As for the new Giant Corgi Lotus 72 model itself, it is a bigger-than-miniature miniature to warm the cockles of Colin Chapman’s heart. It carries No. 1, as so often worn last season by Fittipaldi, and the silver valve covers of the Ford-Cosworth engine shine above correctly bent, golden-hued exhaust stacks. This is not a working replica, so the suspension and rear aerofoil will not move, and although the wide road wheels spin freely, the front ones do not steer. But the result is impressive, the model measuring 10.1/2 in. x 2.1/5 in. x 5.1/5 in. Emerson is strapped in the cockpit, hands on the steering wheel, and each model comes with a tool-kit containing a spanner for the wheelnuts, the wheels being detachable, spare nuts, and some Ronnie Peterson transfers. No. 190 in the Giant Corgi listing, the model is not recommended for young children because of its small accessories but should please many grown-ups, while I bet Chapman is envious of the high rate of production. The Corgi Lotus sells for £2.50. In smaller size Corgi now have replicas of several of the 1973 Fl cars and they tell me they had no financial encouragement from JPs over introduction of the Lotus, nor do they pay royalties to any racingcar manufacturer.

Grand Prix Models of Radlett have introduced a die-cast metal kit of a Ferrari “Breadvan”, which sells for £3.30 plus 20p postage.

Auto Replicas of Parkstone announce a Morgan Plus-8 miniature of screw-together construction, with rubber tyres and steel axles, in which the front and rear suspension is correctly modelled and, moreover, works. It sells for £3. Future models from Auto Replicas will be a Porsche 356 Speedster and a 1938 Tatra Type 77a saloon.—W.B.

Following a letter about March models in “Vintage Postbag”, we have received the following letter about these now scarce models: –

From His Grace the Duke of Richmond

Sir,

I was so interested to read the letter from Mr. Goulburn and to see the photograph of the March Model GP Mercedes.

I wonder if a little more of the background of this enterprise might be of any interest? I was a wildly keen model-maker from childhood and was later introduced to a very Pleasant Mr. Seldon. This was in the midthirties during that slump (oh yes! those of us in our dotage have seen all this before, you know !) and he was looking for a job.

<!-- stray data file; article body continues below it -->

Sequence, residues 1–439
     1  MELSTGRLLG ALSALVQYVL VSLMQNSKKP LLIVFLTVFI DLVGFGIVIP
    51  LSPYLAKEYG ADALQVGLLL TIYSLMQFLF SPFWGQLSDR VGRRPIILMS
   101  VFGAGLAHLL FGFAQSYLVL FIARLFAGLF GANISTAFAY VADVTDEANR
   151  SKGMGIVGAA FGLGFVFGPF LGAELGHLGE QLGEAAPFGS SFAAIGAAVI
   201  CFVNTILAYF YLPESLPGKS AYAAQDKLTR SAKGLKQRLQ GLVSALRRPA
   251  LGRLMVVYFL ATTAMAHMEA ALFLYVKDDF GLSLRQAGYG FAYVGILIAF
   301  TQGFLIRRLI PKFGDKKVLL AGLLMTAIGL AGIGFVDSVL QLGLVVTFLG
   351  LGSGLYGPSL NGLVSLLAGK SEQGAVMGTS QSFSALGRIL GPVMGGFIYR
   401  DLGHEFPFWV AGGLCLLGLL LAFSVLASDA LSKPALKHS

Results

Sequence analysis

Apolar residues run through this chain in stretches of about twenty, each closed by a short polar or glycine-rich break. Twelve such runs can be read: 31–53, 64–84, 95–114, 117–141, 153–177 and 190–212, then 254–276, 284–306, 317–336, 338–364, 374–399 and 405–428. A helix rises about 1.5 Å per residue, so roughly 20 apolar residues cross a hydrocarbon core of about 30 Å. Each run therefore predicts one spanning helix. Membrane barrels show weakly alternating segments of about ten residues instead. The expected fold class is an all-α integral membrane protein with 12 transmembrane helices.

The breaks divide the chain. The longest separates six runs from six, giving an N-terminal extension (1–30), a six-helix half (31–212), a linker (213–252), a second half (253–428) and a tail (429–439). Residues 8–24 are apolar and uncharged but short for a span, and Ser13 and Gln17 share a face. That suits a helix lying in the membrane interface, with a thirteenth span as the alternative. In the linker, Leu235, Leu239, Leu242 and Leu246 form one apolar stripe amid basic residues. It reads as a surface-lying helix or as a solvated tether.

Saying he was a model maker too, I thought what fun to make up some models for enthusiasts and accordingly bought him a very primitive set of tools. I believe the only “advanced” piece of equipment was a treadle fret-saw! And he disappeared with these and one of my own “half models” to try his hand.

He returned in a few days with a really splendid replica and I could see that he had all the skill and ingenuity the work demanded.

Very shortly I turned him and self into a small company March Models Ltd. and installed him in a tiny flat over the Little Grosvenor Mews car service garage of my Kevill-Davies & March Ltd. activity in Berkeley St., WI.

With the addition of a boy, who also became highly skilled, we turned out a number of special commissions. Models for many of the racing drivers, a Motor Show display of a line of pits cars and drivers for Shell-Mex, and a large model of the singleseater Austin Seven record breaker for the Oxford St. Austin showrooms. Seldon turned out some brilliant work and even my friend Rex Hayes tells me he was considerably urged by our efforts, furthermore if anyone knows anything about model car making he certainly does!

The little Mere in the picture was one of our first sallies into castings. Yes, they were rather expensive, as you say, Mr. Editor, but the work was real artistry. Let anyone who doubts it contemplate making a wirewheel the size of a 2p coin. This, of course, was long before the ensuing and present age of all these brilliantly produced kits for assembly. Maybe we should have stayed in business a little longer, but Hitler, rather than Gormley, intervened. At a later stage Mr. Seldon went to Lagonda at Staines, where he modelled experimental designs for W. O. Bentley.

The affairs of March Models Ltd. would have been highly approved of by that odd section of society which regards the word “profit” as a dirty word, for apart from keeping Mr. Seldon’s wolf a few feet from his door such profit as there was consisted purely of model mania and a love of craftsmanship.

London, W2 Richmond.